Semyon Bychkov conducts Dvořák, Smetana, and Martinů
Concert for the 100th Anniversary of the Founding of Czechoslovakia
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"It’s not a question of quality," says Semyon Bychkov about the distinctive sound of his ensemble, "it’s a question of identity.... The Czech Phil had their own tradition from an earlier time: how they play their instruments, what the instruments should sound like. You can hear it in the string sound, in the wind sound." When Bychkov left his post as Chief Conductor for the WDR Symphony Orchestra Cologne, the great Soviet-born conductor intended only to take guest conductorships—but in 2018, a personal invitation from the musicians of the Czech Philharmonic made him reconsider.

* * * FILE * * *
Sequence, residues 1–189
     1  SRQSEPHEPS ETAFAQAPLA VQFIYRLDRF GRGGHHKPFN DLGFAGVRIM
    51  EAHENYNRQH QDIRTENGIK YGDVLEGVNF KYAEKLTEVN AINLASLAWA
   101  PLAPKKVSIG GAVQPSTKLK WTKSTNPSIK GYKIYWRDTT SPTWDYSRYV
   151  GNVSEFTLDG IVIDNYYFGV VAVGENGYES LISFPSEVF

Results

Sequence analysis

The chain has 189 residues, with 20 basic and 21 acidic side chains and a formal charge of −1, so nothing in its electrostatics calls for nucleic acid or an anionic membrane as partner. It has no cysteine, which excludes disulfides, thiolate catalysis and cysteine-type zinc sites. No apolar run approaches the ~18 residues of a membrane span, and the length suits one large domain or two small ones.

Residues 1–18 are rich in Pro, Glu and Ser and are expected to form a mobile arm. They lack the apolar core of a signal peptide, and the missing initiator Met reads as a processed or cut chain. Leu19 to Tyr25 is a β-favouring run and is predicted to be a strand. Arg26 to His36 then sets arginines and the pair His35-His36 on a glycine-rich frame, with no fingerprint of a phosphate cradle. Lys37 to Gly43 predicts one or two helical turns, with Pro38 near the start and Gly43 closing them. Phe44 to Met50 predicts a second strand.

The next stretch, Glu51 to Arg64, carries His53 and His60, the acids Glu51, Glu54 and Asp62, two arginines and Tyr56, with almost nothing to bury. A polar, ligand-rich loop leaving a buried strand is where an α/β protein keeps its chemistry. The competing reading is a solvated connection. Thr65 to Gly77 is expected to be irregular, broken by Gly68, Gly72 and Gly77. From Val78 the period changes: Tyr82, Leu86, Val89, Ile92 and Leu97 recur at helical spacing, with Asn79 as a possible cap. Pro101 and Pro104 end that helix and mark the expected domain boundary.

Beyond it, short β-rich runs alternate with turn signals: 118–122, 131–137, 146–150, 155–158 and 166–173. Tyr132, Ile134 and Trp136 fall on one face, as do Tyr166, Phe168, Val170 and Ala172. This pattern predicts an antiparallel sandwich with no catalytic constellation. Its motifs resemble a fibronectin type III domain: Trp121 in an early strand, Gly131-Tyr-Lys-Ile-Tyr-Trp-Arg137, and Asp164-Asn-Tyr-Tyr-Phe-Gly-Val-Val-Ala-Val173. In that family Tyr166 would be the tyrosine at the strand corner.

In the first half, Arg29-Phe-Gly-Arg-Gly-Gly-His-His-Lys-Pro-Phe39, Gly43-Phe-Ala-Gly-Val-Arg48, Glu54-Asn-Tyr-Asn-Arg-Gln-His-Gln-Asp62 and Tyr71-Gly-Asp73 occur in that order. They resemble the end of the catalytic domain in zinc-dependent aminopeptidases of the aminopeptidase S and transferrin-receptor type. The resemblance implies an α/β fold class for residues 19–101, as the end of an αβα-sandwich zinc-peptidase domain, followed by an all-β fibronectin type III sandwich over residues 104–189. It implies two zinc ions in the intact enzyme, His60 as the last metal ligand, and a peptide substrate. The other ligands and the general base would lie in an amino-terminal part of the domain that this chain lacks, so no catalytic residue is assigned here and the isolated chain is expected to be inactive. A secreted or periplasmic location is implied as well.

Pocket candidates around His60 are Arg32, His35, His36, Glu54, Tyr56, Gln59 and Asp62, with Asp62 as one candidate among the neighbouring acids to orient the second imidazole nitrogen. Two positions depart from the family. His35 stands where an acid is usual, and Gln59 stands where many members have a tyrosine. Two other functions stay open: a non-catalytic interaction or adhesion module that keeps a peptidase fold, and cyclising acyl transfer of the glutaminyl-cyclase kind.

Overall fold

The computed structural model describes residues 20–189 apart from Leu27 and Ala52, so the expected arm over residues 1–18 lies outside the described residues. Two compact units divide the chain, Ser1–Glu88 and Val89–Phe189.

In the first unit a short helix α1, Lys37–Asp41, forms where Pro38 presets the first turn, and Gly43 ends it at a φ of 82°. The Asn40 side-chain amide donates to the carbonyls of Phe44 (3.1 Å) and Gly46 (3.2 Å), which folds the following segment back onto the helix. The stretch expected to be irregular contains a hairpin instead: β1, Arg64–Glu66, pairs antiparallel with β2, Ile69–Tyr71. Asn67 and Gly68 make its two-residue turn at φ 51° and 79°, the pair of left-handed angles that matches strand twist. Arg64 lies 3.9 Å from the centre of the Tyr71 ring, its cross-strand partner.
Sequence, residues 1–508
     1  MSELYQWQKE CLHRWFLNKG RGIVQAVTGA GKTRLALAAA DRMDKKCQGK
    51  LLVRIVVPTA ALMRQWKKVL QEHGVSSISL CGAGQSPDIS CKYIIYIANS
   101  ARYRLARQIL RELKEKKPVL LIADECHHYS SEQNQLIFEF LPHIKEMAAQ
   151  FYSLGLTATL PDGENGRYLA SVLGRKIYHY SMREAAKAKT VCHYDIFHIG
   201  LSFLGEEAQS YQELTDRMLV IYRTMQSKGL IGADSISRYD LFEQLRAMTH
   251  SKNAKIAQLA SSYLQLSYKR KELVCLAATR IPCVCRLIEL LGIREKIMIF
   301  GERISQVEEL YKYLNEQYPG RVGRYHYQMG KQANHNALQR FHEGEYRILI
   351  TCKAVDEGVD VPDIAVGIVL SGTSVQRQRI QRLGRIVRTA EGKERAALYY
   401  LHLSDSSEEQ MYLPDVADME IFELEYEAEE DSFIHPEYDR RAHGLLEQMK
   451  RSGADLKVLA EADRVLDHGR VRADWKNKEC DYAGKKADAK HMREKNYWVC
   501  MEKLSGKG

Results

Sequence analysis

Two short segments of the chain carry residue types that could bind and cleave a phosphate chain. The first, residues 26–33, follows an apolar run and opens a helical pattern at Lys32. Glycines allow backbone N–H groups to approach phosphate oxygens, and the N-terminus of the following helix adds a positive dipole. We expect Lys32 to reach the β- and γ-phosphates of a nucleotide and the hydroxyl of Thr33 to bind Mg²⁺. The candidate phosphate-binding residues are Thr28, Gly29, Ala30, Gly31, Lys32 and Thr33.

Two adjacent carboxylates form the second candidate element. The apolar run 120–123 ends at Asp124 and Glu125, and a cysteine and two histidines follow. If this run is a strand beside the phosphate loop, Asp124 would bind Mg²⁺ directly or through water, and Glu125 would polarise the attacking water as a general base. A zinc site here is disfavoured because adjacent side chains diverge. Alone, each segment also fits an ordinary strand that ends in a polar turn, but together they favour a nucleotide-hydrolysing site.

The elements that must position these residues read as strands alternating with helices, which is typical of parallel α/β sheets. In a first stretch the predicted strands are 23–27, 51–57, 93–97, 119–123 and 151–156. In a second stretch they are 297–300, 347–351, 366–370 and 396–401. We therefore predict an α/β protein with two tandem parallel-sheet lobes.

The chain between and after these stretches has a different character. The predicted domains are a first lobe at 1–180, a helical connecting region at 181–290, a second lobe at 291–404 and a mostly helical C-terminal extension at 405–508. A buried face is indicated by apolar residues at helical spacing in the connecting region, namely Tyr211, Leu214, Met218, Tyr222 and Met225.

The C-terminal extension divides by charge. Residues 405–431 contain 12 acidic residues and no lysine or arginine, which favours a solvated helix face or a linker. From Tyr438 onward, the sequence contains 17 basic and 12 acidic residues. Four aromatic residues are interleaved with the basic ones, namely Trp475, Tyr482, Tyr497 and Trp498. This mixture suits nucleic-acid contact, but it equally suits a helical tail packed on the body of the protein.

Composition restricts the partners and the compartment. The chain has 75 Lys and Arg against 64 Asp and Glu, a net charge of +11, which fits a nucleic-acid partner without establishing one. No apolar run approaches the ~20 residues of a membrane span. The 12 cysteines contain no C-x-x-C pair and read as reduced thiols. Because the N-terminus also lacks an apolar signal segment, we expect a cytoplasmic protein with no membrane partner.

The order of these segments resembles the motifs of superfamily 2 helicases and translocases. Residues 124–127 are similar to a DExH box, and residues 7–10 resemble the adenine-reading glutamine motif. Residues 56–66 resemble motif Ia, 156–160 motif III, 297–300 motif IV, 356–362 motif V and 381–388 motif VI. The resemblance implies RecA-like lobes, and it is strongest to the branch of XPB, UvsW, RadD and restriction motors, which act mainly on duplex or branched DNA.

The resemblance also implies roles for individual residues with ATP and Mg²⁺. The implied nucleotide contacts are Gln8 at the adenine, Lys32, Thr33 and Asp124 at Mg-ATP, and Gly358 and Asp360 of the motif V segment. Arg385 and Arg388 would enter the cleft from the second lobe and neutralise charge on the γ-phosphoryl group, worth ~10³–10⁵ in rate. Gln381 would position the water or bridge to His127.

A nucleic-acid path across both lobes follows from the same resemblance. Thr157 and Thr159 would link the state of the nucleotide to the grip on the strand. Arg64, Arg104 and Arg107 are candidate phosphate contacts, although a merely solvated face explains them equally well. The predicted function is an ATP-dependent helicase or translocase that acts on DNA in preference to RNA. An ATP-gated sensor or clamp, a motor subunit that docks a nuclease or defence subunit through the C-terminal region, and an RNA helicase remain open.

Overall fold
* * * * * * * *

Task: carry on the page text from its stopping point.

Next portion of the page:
In this concert commemorating 100 years since the establishment of Czechoslovakia (1918-1992), the orchestra presents a slate of works that examine the question of "national" style. Smetana'a overture for The Bartered Bride is seen as an important contribution toward a specifically Czech operatic idiom, and Martinů's frenetic Double Concerto for Two String Orchestras, Piano, and Timpani evokes both Czech folklore and the 18th-century Italian concerto grosso. Finally, inspired by Native American and African-American melodies, Dvořák's extraordinary "New World" Symphony No. 9 further complicates the notion of national music, creating a symphonic bridge between the two continents.